Like any artistic, counter-culture, bisexual girl that grew up on 90s music, I am a fan of folksinger Ani DiFranco. I’d even go so far as to call her a role model, so I jumped at the chance to see her in concert with my best friend.
When she strummed the opening chords to the first song on her new album, the crowd roared its approval. A few people even shouted over the din that it was a great song.
And Ani spoke back to them right from the stage, incorporating it into her patter. Yeah, it was a good song, she admitted. But she wasn’t sure if it should have been the opening song to the album. After all, it wasn’t that good.
My friend turned to me after that remark. “Wow,” she said. “Ani sounds just like you.”
* * *
Impostor syndrome is a topic that I’ve skirted for a long time because it’s so hard for me to talk about. It’s basically feeling like a fraud all the time. No matter how well you do, you don’t internalize that success. You always find ways to doubt your self-worth: maybe this time you just got lucky. Maybe this time people didn’t notice you were faking it. I have those feelings in spades.
See, I don’t feel like a real model. I know that modeling is how I pay my bills, and I know that it’s the profession listed on my tax returns. I know that I’ve created literally thousands of images, and that a lot of people even like some of them. But I’m constantly looking over my shoulder, waiting for somebody to tell me it was all a mistake. That I’m too old, curvy, and unattractive to be a real model. That the images I’m proud of were just luck, and I don’t really know how to pose. That I’m just not that good.
I am convinced that somebody is going to find me out someday, but how much I worry about it varies. Sometimes I laugh at myself for even thinking it, but other times it seems like an inevitability.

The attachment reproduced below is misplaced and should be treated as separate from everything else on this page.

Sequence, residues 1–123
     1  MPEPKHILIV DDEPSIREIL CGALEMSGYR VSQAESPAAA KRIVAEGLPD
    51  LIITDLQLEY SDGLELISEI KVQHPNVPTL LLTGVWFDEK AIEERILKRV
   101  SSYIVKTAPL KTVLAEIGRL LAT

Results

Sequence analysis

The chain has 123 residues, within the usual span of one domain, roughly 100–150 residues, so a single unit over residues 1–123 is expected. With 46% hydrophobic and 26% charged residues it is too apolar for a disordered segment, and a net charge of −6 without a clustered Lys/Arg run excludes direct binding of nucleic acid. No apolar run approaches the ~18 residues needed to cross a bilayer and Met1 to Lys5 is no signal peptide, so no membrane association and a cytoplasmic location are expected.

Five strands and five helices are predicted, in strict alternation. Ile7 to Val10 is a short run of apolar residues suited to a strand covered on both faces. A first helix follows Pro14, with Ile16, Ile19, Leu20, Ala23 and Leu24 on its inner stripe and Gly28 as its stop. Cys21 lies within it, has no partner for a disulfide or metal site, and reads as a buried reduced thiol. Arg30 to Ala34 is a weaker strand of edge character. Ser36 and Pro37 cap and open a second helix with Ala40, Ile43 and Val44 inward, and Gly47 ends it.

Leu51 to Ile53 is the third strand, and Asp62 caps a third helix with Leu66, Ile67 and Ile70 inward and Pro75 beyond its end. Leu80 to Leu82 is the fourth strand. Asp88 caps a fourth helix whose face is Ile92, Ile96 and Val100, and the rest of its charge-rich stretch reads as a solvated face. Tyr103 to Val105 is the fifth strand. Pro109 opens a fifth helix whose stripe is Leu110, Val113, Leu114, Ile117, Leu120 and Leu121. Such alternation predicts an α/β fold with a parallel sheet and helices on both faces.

On one of the recent bad days, my boyfriend made a suggestion. Why didn’t I write a letter to a “real” artist and ask if they felt like one? Chances were they wouldn’t respond. But it couldn’t hurt, and it might put my own impostor syndrome into perspective.
Ani was the first person I thought of. I even started drafting the letter to her in my head. But I quickly realized that I already knew the answer: she’d told me from the stage. She thought her work—the work that had inspired me, the hundreds in the screaming crowd, and thousands of her other fans—wasn’t that good.
So I thought about other artists that I admired. Amanda Palmer, who has such a relationship with impostor syndrome that she’s christened the term The Fraud Police. Her husband Neil Gaiman, who said in one of his speeches that he was worried a man with a clipboard would come to the door one day and tell him he needed to get a real job. And of course, there are the countless fellow models I’ve talked to who’ve worried about whether they were actually “making it” or not.
My boyfriend’s point was made: I was definitely not alone in my impostor syndrome fears.
Knowing that it wasn’t just me really did help. It didn’t cure me, but it made a compelling case that my fears were unfounded. When my doubts got particularly bad, it gave me something to fall back on. And it made me think about other things that have helped as well.
Interestingly, this blog has done more for making me feel competent than any modeling ever has. I realized that I’d been modeling professionally for six years. But I’ve felt more like a “real” model by writing essays about it, and I couldn’t figure out why.
I think that it’s because when I'm making art, there’s always a gap between what I’ve made and the experience of making it. The audience feedback that I receive on my modeling images is always on the final product, and never on the process. Which is arguably how it should be, but it does leave a space for impostor syndrome to flourish. It gives me a chance to think too much. Maybe I’m doing it wrong. Maybe I just got lucky this time.
Writing about it directly helped bridge that gap. Other people related when I talked about the process of modeling, and the behind the scenes of being an artist. It made what I experienced feel more real. It turns out that I don’t just need feedback on my art. I need feedback on how I make my art as well.
Talking to an editor or a friend about the process helps bridge the gap, too. So does having fellow artists relate to what I’m going through. Normally I can’t compare processes, only final products. My process often feels forced, and it was refreshing to hear that was true for others as well.
If all else fails, it really helps to know I’m not alone. I think about that Ani concert a lot now. I think about it every time I start to believe that maybe my work isn't that good, or that I’m not that good. And I try not to let that stop me from putting it out there anyway.